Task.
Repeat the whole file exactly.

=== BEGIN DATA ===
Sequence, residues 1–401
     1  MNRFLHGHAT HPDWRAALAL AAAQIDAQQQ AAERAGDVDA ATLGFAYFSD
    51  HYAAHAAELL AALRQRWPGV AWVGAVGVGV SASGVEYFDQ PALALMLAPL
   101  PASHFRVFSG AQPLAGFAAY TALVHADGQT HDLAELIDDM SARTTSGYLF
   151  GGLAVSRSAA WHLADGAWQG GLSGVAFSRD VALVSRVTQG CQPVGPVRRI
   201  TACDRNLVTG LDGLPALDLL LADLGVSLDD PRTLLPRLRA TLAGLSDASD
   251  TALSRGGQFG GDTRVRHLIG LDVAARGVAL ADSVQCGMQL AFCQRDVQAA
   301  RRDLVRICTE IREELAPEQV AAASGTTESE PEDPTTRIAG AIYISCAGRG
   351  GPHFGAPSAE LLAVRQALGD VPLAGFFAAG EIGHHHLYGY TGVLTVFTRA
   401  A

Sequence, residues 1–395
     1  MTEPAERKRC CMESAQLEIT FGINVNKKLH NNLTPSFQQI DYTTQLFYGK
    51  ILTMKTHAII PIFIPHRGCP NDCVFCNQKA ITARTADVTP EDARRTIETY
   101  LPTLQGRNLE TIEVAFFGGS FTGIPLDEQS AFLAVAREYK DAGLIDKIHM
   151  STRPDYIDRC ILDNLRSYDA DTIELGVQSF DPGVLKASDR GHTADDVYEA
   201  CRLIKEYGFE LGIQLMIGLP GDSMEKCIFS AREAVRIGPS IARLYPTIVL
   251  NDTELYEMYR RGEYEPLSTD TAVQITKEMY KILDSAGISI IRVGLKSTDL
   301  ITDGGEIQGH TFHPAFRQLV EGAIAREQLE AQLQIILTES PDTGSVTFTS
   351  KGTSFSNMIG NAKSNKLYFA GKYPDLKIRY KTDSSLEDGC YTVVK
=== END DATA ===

Sequence, residues 1–401
     1  MNRFLHGHAT HPDWRAALAL AAAQIDAQQQ AAERAGDVDA ATLGFAYFSD
    51  HYAAHAAELL AALRQRWPGV AWVGAVGVGV SASGVEYFDQ PALALMLAPL
   101  PASHFRVFSG AQPLAGFAAY TALVHADGQT HDLAELIDDM SARTTSGYLF
   151  GGLAVSRSAA WHLADGAWQG GLSGVAFSRD VALVSRVTQG CQPVGPVRRI
   201  TACDRNLVTG LDGLPALDLL LADLGVSLDD PRTLLPRLRA TLAGLSDASD
   251  TALSRGGQFG GDTRVRHLIG LDVAARGVAL ADSVQCGMQL AFCQRDVQAA
   301  RRDLVRICTE IREELAPEQV AAASGTTESE PEDPTTRIAG AIYISCAGRG
   351  GPHFGAPSAE LLAVRQALGD VPLAGFFAAG EIGHHHLYGY TGVLTVFTRA
   401  A

Sequence, residues 1–395
     1  MTEPAERKRC CMESAQLEIT FGINVNKKLH NNLTPSFQQI DYTTQLFYGK
    51  ILTMKTHAII PIFIPHRGCP NDCVFCNQKA ITARTADVTP EDARRTIETY
   101  LPTLQGRNLE TIEVAFFGGS FTGIPLDEQS AFLAVAREYK DAGLIDKIHM
   151  STRPDYIDRC ILDNLRSYDA DTIELGVQSF DPGVLKASDR GHTADDVYEA
   201  CRLIKEYGFE LGIQLMIGLP GDSMEKCIFS AREAVRIGPS IARLYPTIVL
   251  NDTELYEMYR RGEYEPLSTD TAVQITKEMY KILDSAGISI IRVGLKSTDL
   301  ITDGGEIQGH TFHPAFRQLV EGAIAREQLE AQLQIILTES PDTGSVTFTS
   351  KGTSFSNMIG NAKSNKLYFA GKYPDLKIRY KTDSSLEDGC YTVVK